x Abu Dhabi, UAESaturday 22 July 2017

Movie personas could liven up bland post-match interviews

If you watch only one thing on YouTube this week, make it the post-match interview of the rugby union coach Brendan Venter from last Saturday.

If you watch only one thing on YouTube this week, make it the post-match interview of the rugby union coach Brendan Venter from last Saturday.

Previously fined for speaking his mind in post-match interviews, Venter decided to make his comments as bland as possible after his team, Saracens, lost to Racing Metro. He answered every question by simply agreeing with it and repeating it. He later admitted taking inspiration from the movie Mike Bassett: England Manager, in which the assistant coach, Dave Dodds, pulls the same trick.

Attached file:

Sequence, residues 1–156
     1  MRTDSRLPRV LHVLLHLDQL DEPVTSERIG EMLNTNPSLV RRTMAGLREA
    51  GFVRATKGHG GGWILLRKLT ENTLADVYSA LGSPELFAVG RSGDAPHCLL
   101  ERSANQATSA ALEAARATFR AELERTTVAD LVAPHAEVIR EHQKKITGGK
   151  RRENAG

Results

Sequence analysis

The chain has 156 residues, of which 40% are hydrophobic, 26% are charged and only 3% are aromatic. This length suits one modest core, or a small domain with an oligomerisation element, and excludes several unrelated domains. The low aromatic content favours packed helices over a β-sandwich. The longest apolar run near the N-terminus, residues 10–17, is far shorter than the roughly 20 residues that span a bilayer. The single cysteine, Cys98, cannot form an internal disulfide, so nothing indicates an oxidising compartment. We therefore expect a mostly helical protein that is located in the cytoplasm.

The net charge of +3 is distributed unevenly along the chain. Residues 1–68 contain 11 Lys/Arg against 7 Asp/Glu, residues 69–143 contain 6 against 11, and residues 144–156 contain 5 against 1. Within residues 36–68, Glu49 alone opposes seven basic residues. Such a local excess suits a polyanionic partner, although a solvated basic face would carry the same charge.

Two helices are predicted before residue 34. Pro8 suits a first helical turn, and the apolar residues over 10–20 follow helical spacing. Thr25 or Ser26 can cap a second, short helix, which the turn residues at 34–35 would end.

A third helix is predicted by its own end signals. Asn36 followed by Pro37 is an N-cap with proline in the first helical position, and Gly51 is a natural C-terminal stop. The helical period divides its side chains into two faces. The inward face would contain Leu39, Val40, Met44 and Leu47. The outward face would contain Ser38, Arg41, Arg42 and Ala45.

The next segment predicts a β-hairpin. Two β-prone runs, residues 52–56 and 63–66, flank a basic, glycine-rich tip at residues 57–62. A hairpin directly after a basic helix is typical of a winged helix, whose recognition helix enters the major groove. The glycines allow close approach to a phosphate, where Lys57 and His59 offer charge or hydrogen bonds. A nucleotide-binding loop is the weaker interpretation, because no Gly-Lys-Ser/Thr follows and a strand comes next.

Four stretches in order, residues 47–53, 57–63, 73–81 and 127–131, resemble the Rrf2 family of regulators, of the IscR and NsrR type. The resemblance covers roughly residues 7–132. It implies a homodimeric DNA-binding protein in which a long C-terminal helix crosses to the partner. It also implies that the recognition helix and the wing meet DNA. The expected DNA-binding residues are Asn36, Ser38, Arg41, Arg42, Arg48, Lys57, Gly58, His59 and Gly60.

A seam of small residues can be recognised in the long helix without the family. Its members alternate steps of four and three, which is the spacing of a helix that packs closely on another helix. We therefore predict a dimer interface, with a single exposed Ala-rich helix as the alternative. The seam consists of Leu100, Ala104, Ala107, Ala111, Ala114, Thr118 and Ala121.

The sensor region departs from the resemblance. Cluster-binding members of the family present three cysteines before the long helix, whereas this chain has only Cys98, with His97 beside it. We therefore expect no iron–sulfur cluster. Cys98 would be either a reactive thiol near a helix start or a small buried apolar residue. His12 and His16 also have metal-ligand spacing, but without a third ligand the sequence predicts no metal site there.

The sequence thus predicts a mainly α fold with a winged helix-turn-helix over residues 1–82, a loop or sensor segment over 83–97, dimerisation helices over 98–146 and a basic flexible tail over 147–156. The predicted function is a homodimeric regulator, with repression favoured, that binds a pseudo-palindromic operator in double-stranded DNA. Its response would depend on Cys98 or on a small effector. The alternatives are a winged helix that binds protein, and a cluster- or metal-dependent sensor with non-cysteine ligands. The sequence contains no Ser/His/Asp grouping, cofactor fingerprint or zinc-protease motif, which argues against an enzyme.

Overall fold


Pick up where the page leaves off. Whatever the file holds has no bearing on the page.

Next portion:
The movie scene is funny but in real life this was a boorish trick, and I felt sympathy for the hapless reporter.

On the other hand, was not Venter only doing what most media-trained managers and players do, albeit doing it in an exaggerated form?

Namely, offering up the contractually obliged 90 seconds of bland cliches and innocuous babble which reveals precisely nothing.

My solution would be to abolish post-match interviews altogether and fill the time with old Bugs Bunny cartoons. It would be far more entertaining. However, the sponsors would not let that happen, so a good compromise would be for all managers to adopt the personas of various movie characters in all future interviews.

Maybe Venter should just watch Jerry Maguire before the next match, and start sobbing "You had me at 'Hello!'" in response to the first question.

And who would not like to see Sir Alex Ferguson as Colonel Nathan R Jessep, from A Few Good Men? "Yous want tha truth about why we just lost to Stoke? Ya cannae handle tha truth!"

In fact, if Sir Alex is doing Jack Nicholson, what better way for him to break his BBC embargo than by crashing through the sponsors' logo backdrop with a large axe, poke his head through the hole and scream: "Here's Fergie!"

That would be better than cartoons.